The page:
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datawork

Wheel of Fugitive? Sheriff Ivey's signature Facebook 'show' features non-fugitives — “While Gay is the first individual incorrectly featured on the show to speak out, he's not the only person to have been labelled as a fugitive from justice by the show when he was not. An investigation by FLORIDA TODAY of a year's worth of episodes of the BCSO's "Wheel of Fugitive," identified 60 individuals who were incorrectly featured across 45 episodes on the wheel between Feb 25, 2020, and Feb 23, 2021. Out of the 45 episodes, all but four included at least one non-fugitive. In the Nov 3, 2020, edition, seven out of the 10 'participants' were either already in jail, had been released or had no active arrest warrant at the time.” [Florida Today]

Tacoma police disproportionately use force against people of color, TNT analysis shows — “Tacoma police use force against Black people at roughly five times the rate they do against white people, according to department statistics. The News Tribune analyzed 657 reported incidents of police force between 2015 and 2019 and found officers most use force against white men, but disproportionately against Black men. In that five-year span, force was used about 22.56 times per every 10,000 Black Tacoma residents. In the same time frame, force was used about 4.5 times per every 10,000 white Tacoma residents. [The News Tribune]

Busy Signal: New Mexico’s unemployment office is struggling to answer millions of calls for help — “Unable to reach anyone on the state’s telephone hotline, they’ve been left in financial turmoil, sometimes facing hunger or eviction without the public assistance they’d been promised. Sometimes their accounts are locked because of a simple spelling error or an incorrect birthday. In many cases, applicants have no idea why the payments aren’t coming through. Meanwhile, the department reports rising hostility towards employees. Since the fall, McCamley said, more than 100,000 people have been receiving benefits at any given time — more than 10 times the number at the pandemic’s start — and his department has distributed over $3 billion in funds, the equivalent of about 40 percent of the current state budget.” [Searchlight New Mexico]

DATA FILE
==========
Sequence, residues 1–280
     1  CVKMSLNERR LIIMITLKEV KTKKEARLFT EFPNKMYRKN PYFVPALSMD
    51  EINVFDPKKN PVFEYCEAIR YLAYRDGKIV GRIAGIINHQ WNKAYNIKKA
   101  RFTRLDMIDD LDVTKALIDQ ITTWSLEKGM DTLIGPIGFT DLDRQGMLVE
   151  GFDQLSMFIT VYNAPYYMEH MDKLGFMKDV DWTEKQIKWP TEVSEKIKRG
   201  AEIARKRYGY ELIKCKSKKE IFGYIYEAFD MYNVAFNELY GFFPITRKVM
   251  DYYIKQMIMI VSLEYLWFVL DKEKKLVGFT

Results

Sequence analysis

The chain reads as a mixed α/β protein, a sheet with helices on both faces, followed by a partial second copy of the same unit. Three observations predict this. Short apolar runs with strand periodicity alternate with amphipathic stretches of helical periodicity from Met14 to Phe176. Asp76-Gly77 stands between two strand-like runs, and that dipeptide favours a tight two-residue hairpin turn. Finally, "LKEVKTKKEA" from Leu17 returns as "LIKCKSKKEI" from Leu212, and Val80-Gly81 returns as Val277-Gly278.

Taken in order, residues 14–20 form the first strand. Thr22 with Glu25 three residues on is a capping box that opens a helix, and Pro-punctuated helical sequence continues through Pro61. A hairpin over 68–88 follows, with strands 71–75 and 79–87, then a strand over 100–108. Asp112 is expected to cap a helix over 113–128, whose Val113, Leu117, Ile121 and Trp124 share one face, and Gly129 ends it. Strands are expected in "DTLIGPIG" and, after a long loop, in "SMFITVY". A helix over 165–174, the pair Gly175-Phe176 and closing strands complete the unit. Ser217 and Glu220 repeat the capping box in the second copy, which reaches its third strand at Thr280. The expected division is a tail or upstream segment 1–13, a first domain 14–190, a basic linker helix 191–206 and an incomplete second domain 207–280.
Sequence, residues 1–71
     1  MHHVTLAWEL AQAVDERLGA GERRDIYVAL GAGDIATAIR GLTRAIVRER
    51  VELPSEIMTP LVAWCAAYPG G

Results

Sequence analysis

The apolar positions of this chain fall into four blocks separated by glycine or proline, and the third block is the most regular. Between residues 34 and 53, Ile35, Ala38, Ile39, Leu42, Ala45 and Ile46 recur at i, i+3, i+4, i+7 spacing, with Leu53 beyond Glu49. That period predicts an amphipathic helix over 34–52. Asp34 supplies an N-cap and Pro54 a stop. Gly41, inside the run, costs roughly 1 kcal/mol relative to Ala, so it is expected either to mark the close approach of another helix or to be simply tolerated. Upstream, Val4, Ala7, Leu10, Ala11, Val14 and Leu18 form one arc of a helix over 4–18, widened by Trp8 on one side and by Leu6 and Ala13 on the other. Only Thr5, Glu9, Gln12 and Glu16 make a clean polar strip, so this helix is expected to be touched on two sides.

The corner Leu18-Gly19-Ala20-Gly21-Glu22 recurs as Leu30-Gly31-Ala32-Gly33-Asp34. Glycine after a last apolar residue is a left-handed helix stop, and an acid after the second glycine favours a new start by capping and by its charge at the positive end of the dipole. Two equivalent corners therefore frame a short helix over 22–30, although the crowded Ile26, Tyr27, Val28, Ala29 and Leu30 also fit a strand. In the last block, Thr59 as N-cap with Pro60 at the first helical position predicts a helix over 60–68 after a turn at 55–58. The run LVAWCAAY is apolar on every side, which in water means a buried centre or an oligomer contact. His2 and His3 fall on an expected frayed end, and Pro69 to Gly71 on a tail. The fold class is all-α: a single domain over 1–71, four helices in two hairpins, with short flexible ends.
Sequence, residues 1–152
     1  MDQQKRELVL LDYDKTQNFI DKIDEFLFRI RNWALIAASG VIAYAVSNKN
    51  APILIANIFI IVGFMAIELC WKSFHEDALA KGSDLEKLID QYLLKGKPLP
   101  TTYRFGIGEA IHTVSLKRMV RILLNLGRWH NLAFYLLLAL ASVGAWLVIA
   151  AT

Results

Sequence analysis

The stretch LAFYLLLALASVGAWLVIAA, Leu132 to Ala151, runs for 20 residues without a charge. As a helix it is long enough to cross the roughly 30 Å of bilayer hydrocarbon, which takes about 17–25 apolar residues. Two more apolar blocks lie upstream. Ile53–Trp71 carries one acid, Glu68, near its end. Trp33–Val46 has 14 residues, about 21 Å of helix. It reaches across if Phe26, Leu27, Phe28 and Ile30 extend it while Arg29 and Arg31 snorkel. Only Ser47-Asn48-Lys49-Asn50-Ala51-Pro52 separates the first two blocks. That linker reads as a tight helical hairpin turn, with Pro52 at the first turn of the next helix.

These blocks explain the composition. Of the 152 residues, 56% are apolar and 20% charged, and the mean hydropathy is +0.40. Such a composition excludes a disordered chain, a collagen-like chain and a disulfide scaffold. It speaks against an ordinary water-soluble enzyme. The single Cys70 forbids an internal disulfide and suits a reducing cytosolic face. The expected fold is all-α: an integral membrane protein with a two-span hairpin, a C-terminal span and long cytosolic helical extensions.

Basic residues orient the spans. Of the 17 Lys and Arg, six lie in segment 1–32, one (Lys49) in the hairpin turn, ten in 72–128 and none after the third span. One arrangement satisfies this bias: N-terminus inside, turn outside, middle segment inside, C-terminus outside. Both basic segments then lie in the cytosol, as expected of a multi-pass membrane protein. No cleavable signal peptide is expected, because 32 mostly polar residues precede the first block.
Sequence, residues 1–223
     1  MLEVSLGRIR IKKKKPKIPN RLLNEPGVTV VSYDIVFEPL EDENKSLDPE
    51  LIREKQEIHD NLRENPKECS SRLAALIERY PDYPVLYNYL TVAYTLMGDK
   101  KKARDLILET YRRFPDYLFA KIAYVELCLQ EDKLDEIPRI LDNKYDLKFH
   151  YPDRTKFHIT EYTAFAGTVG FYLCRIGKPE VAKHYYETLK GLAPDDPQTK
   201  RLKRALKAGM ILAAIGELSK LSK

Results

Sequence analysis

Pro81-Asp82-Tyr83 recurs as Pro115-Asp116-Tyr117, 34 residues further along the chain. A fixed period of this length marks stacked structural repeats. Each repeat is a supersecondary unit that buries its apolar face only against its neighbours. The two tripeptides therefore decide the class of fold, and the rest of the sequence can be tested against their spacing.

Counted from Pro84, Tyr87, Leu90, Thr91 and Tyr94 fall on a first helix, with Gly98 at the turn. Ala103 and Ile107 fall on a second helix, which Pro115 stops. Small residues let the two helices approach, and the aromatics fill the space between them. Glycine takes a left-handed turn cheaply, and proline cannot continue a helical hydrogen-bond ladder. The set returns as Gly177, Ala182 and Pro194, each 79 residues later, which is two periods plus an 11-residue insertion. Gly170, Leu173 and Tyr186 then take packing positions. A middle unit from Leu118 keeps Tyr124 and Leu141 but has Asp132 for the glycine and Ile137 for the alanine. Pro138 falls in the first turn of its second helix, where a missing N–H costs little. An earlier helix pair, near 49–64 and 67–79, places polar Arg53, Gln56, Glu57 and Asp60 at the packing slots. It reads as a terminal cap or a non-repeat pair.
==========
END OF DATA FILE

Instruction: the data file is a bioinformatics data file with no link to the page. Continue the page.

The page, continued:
Redlined, Now Flooding: Maps of historic housing discrimination show how neighborhoods that suffered redlining in the 1930s face a far higher risk of flooding today — “Across 38 major U.S. metros, more than $107 billion worth of homes at high risk for flooding were located in historically redlined (and yellowlined) neighborhoods. That’s 25% more than the value of homes at high flood risk located in parts of the city deemed desirable — that is, white neighborhoods. Put another way, 8.4% of homes in historically redlined neighborhoods face high flood risk nationwide, compared with 6.9% of homes in historically greenlined neighborhoods. These patterns reflect disparities in development compounded by decades of disinvestment.” [Bloomberg CityLab]

Anti-Asian attacks rise along with online vitriol — “Authorities say they are not certain, at this point, that the alleged shooter, Robert Aaron Long, 21, was motivated by racial animus. But the broader trend of hateful words and deeds against Asians and Asian Americans is clear, researchers say, and appears to have spiked since the November presidential election and the contentious months that followed. Terms including “China,” “Wuhan” and “flu” surged on far-right forums on Telegram, 8kun and TheDonald.win as former president Donald Trump pushed baseless allegations of widespread voter fraud, according to data tracked by the Network Contagion Research Institute, which monitors misinformation and online extremism. The terms were used on those platforms 44 percent more in January than in the average month last year.” [The Washington Post]